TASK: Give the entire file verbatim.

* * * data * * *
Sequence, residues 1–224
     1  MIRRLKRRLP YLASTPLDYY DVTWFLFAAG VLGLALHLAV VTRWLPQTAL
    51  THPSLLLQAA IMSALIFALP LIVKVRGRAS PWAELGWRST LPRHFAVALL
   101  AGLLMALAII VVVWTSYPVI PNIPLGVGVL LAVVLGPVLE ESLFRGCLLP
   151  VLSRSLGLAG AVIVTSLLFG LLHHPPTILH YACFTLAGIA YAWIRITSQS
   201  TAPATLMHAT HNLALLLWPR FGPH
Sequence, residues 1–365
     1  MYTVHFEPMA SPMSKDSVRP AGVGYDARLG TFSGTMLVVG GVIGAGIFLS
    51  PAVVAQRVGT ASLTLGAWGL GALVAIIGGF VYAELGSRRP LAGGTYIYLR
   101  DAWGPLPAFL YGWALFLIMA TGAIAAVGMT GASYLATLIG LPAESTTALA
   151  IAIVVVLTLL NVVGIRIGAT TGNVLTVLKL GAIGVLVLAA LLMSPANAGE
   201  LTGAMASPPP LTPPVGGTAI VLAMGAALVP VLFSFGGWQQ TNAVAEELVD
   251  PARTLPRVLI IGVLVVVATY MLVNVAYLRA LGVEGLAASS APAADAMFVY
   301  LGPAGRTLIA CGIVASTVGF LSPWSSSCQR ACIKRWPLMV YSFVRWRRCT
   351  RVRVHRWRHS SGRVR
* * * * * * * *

Sequence, residues 1–224
     1  MIRRLKRRLP YLASTPLDYY DVTWFLFAAG VLGLALHLAV VTRWLPQTAL
    51  THPSLLLQAA IMSALIFALP LIVKVRGRAS PWAELGWRST LPRHFAVALL
   101  AGLLMALAII VVVWTSYPVI PNIPLGVGVL LAVVLGPVLE ESLFRGCLLP
   151  VLSRSLGLAG AVIVTSLLFG LLHHPPTILH YACFTLAGIA YAWIRITSQS
   201  TAPATLMHAT HNLALLLWPR FGPH
Sequence, residues 1–365
     1  MYTVHFEPMA SPMSKDSVRP AGVGYDARLG TFSGTMLVVG GVIGAGIFLS
    51  PAVVAQRVGT ASLTLGAWGL GALVAIIGGF VYAELGSRRP LAGGTYIYLR
   101  DAWGPLPAFL YGWALFLIMA TGAIAAVGMT GASYLATLIG LPAESTTALA
   151  IAIVVVLTLL NVVGIRIGAT TGNVLTVLKL GAIGVLVLAA LLMSPANAGE
   201  LTGAMASPPP LTPPVGGTAI VLAMGAALVP VLFSFGGWQQ TNAVAEELVD
   251  PARTLPRVLI IGVLVVVATY MLVNVAYLRA LGVEGLAASS APAADAMFVY
   301  LGPAGRTLIA CGIVASTVGF LSPWSSSCQR ACIKRWPLMV YSFVRWRRCT
   351  RVRVHRWRHS SGRVR